‘Twenty-five winters, you could hope for more,’ Wiglaf replied. ‘I said he was too young to be one of the duguth, let alone an eorl.’

Starkad smiled in a way he hoped conveyed the gathering senility of his elders. A big man himself, he had some confidence in his own skill at arms and his ability to exact obedience. He did not bother to point out his men had been tasked with the rounding up of prisoners.

The chiefs of the other fifteen ships began to come up in ones or twos. Arkil had a few words with each eorl. It was not just stature Arkil had inherited. All the Himlings of Hedinsey had the gift of commanding men in war. It came naturally to them. They were Woden-born. Even Starkad’s stepfather, Oslac, quiet, studious man that he was, had led several successful expeditions in his youth. Starkad’s thoughts ran from Oslac to his mother, Kadlin, and from her to his father. He did not want to think about his father.

Starkad looked at the arch spanning the road. It was a gateway that could not be shut and that connected to no walls, a thing of elaborate impracticality. In the torchlight its relief carvings shifted: men heavily armed Roman-style or stark naked killed trousered warriors whose faces were grotesquely bearded, almost bestial. Why had the townsfolk commissioned such a monument? Presumably they identified with the Roman fighters and had forgotten that once they had been free men, before the legionaries had massacred their trouser-wearing forefathers, taken their weapons and made them pay taxes. Starkad had little but contempt for men who paid others to defend them.

‘It has all been too easy,’ Starkad said.

‘And you would know,’ Wiglaf said. Some of the older eorls laughed.

‘The boy might not be wrong.’ Arkil was known as a thoughtful man. ‘No one can tell what the Norns have spun. Great misfortune often follows hard on the heels of success. But Morcar and I spied out this place last year on our way back from the west. We were thorough. Morcar questioned the locals we caught. He did not spare himself.’

Everyone smiled; some wincing at the thought of the ingenious cruelty Arkil’s half-brother delighted in using. Not all the Himlings were gentle.

‘It is fifty miles to Rotomagus, the same to Samarobriva. There are no Roman troops nearer than Gesoriacum, and that is further by road and its harbour has few warships. There was no burning in last night’s work. No beacons have been seen. There is no time for a message to reach Gesoriacum and the soldiers to return before we are gone.’

The chiefs nodded at the sagacity of the atheling.

‘There is nothing at which the gods can complain. We have promised much to Ran that she will spare us her drowning net, and Woden will have the rest and much booty on our return.’

A low hooming of approval at the old, stern ways of blood ran through the leading men.

‘We have done what we can by gods and man,’ Arkil said. ‘Put out the torches. It is time to get back to the ships.’

Starkad walked back past the first three crews to his own men. Although sitting casually, some even prone, they were in rough marching formation. None was drinking more than might be expected. The roped captives were huddled in the street between them and the warriors of the next longboat. At Starkad’s command, his followers began to clamber to their feet. They extinguished the torches, hefted their weapons and plunder and shouted at the prisoners until they got up as well.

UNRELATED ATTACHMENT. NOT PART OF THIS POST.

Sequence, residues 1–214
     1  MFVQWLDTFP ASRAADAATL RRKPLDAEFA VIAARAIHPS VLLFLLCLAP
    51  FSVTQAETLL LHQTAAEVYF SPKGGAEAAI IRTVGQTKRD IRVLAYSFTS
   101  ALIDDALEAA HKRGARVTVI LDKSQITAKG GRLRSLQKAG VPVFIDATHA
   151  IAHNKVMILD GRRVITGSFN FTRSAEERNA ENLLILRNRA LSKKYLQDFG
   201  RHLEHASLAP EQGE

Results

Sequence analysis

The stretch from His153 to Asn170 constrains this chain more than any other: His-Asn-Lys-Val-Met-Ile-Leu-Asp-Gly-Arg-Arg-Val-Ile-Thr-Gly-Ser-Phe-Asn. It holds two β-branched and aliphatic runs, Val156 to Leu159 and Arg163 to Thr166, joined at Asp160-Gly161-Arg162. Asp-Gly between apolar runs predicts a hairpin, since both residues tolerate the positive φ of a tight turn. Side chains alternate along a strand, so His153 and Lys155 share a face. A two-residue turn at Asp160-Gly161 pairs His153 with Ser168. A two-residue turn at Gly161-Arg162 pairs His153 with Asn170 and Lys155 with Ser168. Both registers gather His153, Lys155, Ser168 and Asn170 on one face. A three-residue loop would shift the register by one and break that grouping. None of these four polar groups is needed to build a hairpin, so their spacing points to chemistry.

At home the old men said that until the reign of the cyning Hjar, just three generations before, the Angles had gone to war in no great order. They said the Angles had brought discipline back from fighting for the Romans on the distant banks of the Ister in their great wars against the Marcomanni. Starkad found it hard to imagine his people going into battle in a chaotic mass no better than the primitive and savage Scrithiphini or the Finni of the far north. But he had no reason to think either the old men or the travelling scops who came to the halls of the Himlings and sang the deeds of Hjar should lie.

A war horn sounded, and the column, somewhat unsteadily, bunching and surging, started forward.

The light was strengthening as Starkad emerged from the gate into the necropolis. Like all young well-born men at the court of Isangrim, a little Latin had been drummed into him. The cyning himself could speak the language fluently, and his son Oslac, Starkad’s stepfather, was noted for his unusual interest in the poetry of the imperium. Starkad knew what the Romans called their burial grounds, but the previous night the stars had been too dim and his apprehension too tight to take his first view of one. As its name implied, the necropolis was a veritable city of the dead. As well as many sculpted and inscribed gravestones and sarcophagi, some columns and a couple of miniature pyramids, there were lots of small houses for the deceased. They began as soon as the homes of the living ended, and flanked the road as far as could be seen in the gloom.

It was all strange to Starkad. The Angles interred their dead in fitting barrows at a suitable distance from their settlements. There was something odd about this Roman necropolis nestling up to the town, something faintly disturbing about building houses for corpses as if they might still be alive. He had heard the southerners believed they would have no afterlife except flitting disembodied through the dark like bats or shadows. He wondered how their young men could bring themselves to endure the arrow storm or stand close to the steel with no hope of their courage and deeds bringing them to Valhalla.